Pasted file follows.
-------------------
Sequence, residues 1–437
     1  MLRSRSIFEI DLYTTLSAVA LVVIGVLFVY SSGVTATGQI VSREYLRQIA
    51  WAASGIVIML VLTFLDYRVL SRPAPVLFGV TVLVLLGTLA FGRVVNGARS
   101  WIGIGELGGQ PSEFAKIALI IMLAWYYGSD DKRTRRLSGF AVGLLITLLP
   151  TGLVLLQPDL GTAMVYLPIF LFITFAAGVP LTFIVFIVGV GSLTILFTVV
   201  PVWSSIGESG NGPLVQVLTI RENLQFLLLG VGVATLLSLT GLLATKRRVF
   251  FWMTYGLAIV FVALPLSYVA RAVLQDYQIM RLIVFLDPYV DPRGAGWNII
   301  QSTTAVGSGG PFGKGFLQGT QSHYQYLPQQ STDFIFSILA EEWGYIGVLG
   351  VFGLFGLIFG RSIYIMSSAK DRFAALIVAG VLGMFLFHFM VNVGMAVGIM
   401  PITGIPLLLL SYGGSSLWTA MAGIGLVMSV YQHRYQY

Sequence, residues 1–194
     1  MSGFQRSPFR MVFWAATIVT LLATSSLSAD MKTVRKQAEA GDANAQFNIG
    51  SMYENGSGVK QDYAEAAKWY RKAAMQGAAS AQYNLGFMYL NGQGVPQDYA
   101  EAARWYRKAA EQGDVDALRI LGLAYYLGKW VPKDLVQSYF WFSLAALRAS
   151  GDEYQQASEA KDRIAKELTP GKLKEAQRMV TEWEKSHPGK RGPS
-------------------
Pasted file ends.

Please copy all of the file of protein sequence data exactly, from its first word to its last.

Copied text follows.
Sequence, residues 1–437
     1  MLRSRSIFEI DLYTTLSAVA LVVIGVLFVY SSGVTATGQI VSREYLRQIA
    51  WAASGIVIML VLTFLDYRVL SRPAPVLFGV TVLVLLGTLA FGRVVNGARS
   101  WIGIGELGGQ PSEFAKIALI IMLAWYYGSD DKRTRRLSGF AVGLLITLLP
   151  TGLVLLQPDL GTAMVYLPIF LFITFAAGVP LTFIVFIVGV GSLTILFTVV
   201  PVWSSIGESG NGPLVQVLTI RENLQFLLLG VGVATLLSLT GLLATKRRVF
   251  FWMTYGLAIV FVALPLSYVA RAVLQDYQIM RLIVFLDPYV DPRGAGWNII
   301  QSTTAVGSGG PFGKGFLQGT QSHYQYLPQQ STDFIFSILA EEWGYIGVLG
   351  VFGLFGLIFG RSIYIMSSAK DRFAALIVAG VLGMFLFHFM VNVGMAVGIM
   401  PITGIPLLLL SYGGSSLWTA MAGIGLVMSV YQHRYQY

Sequence, residues 1–194
     1  MSGFQRSPFR MVFWAATIVT LLATSSLSAD MKTVRKQAEA GDANAQFNIG
    51  SMYENGSGVK QDYAEAAKWY RKAAMQGAAS AQYNLGFMYL NGQGVPQDYA
   101  EAARWYRKAA EQGDVDALRI LGLAYYLGKW VPKDLVQSYF WFSLAALRAS
   151  GDEYQQASEA KDRIAKELTP GKLKEAQRMV TEWEKSHPGK RGPS